As I approach two years of playing this lovely sport we call disc golf, I have come to a harsh conclusion — I am just not that good.
I miss easy putts. My drives are still all over the place. I have more plastic sitting in a crate in my garage than I do in my actual bag, and instead of my discs bearing the names of their manufacturers, they might as well be covered with expletives, because that’s how I refer to them.
In short, I’m kind of a hot mess.
But, the promise of a new year at least gives me a little hope that 2013 may be the time for improvement. I have to hold myself to some kind of standard if I actually want to get better, though, so I am setting some goals for myself for the coming year.
Why goals, and not resolutions? Well, according to my friend dictionary.com, resolutions have more to do with determination and will than actual results. Goals, on the other hand, have a defined aim, and that is where I am going with these. Concrete improvement that I can (kind of) measure.
Plus, everyone makes resolutions. See all those people at your local gym? They won’t be there in a couple weeks. Sign up for a marathon and set a goal of finishing it, though, and you’re doing it. It’s about commitment.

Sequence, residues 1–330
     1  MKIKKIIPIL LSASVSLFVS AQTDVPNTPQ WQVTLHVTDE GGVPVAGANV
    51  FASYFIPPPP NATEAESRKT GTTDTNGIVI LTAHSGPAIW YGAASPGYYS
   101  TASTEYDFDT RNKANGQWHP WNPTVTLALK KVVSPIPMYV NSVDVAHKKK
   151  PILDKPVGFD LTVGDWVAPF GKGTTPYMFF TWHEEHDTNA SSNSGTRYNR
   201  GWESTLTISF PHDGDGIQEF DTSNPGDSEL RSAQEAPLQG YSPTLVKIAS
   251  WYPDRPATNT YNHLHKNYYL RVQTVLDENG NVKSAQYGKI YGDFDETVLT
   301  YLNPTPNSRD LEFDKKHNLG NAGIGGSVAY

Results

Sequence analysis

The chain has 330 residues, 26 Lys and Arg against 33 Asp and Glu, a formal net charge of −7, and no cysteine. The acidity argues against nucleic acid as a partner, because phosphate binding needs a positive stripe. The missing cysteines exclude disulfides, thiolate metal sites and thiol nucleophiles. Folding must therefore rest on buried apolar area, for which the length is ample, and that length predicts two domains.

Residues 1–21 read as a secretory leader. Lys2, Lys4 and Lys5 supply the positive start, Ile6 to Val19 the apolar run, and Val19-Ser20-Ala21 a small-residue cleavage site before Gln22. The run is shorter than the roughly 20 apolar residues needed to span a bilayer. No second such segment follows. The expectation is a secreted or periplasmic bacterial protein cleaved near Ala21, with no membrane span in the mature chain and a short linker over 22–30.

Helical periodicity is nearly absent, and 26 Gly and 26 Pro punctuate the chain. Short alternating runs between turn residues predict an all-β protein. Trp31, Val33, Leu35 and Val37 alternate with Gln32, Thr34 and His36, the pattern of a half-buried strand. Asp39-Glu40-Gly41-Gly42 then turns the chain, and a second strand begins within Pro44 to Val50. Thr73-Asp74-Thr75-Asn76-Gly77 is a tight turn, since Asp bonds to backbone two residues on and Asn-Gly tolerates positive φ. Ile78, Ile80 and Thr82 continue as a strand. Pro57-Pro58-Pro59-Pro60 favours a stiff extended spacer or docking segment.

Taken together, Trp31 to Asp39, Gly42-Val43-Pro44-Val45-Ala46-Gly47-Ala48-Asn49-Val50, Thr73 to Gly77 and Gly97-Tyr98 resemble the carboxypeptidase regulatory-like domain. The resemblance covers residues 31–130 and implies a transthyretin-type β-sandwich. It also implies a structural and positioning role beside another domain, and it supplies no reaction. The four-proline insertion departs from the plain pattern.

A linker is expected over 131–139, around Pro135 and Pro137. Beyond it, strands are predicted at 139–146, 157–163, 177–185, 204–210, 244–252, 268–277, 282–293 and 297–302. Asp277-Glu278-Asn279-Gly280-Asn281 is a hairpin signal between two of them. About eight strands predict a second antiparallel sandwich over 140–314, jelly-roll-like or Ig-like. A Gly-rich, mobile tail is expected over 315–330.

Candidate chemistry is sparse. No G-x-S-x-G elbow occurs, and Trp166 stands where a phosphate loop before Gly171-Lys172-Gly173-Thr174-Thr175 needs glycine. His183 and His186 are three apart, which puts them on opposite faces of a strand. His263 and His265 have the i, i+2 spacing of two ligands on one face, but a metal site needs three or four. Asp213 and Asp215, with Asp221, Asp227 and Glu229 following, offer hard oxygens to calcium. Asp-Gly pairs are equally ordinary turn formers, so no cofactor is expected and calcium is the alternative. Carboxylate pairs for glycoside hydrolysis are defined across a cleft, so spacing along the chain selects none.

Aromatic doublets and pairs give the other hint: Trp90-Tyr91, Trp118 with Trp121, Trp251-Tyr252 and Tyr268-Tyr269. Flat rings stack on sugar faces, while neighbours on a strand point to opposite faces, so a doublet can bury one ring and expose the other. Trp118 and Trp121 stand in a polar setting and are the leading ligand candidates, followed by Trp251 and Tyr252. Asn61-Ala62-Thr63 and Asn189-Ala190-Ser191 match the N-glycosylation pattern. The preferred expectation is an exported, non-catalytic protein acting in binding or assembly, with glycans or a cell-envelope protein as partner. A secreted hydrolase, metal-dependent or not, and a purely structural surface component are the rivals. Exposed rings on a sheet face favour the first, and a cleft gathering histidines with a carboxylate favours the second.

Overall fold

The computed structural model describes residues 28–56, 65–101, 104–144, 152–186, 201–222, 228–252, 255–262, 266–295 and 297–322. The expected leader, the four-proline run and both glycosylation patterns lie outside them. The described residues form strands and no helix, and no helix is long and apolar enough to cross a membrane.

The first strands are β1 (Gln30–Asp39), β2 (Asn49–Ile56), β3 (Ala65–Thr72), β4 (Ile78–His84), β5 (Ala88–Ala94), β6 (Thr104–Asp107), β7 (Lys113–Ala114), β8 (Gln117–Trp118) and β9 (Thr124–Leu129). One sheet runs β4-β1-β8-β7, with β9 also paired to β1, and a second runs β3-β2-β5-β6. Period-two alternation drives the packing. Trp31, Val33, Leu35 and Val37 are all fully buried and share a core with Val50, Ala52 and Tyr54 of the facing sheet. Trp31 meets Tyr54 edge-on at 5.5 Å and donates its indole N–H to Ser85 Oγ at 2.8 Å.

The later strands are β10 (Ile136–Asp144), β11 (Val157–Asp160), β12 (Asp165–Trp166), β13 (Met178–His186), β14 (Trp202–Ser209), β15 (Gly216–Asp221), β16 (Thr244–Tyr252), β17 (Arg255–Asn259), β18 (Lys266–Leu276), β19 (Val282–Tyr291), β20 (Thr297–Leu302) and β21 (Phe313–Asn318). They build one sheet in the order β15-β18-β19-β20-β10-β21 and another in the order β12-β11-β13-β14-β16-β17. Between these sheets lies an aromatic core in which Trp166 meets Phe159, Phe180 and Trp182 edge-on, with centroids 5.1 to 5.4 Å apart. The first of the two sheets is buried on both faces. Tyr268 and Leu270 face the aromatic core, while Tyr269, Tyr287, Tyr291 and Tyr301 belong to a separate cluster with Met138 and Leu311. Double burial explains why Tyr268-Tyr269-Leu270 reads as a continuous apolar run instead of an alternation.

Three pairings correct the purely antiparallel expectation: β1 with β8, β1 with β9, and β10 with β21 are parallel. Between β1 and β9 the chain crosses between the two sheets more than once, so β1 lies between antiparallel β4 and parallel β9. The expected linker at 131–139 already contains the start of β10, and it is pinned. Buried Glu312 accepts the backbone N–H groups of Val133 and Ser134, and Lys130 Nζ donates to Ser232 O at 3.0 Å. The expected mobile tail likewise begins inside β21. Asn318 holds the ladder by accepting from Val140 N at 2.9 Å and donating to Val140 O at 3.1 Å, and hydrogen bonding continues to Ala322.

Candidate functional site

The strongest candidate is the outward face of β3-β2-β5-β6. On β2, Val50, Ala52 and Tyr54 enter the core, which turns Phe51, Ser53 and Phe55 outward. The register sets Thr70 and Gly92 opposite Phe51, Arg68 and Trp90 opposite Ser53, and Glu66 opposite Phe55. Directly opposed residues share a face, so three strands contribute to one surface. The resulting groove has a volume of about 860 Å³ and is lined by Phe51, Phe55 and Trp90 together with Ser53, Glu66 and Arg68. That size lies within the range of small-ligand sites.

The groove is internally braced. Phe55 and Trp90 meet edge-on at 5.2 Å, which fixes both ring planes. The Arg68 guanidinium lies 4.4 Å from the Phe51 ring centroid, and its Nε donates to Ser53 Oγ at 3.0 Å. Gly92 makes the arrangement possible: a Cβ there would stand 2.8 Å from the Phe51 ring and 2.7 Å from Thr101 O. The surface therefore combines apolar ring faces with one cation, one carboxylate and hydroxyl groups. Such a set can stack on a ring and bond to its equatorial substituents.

Goal 1: Drive less, putt more — As the famed author of this site’s Noodle-Armed Reviews, readers know I’m not long off the tee. But that doesn’t stop me from heading out to the field all the time to try some new form tweak that I think will be my magic elixir, so to speak.
And while I traipse around in the grass to collect my scattered drives in the 250-300 foot range, I still miss gimme putts on the course, I’ve got a stack of six MVP Anode putters in the garage. In my backyard? A DGA M-14 portable basket.
It’s high time those products threw some Marvin Gaye on the turntable and got it on.
With that in mind, my first goal for this year is to take at least 150 practice putts per week. For some people, that may not be that many. But, when you have a toddler running around the house and all of the included responsibilities, taking time on the basket can be difficult.
However, I’m already about two-thirds of the way toward my goal for the week — it’s just about finding a couple free minutes. Nap time is key, and I’ve set the basket up outside and on the opposite side of the house from my daughter’s room.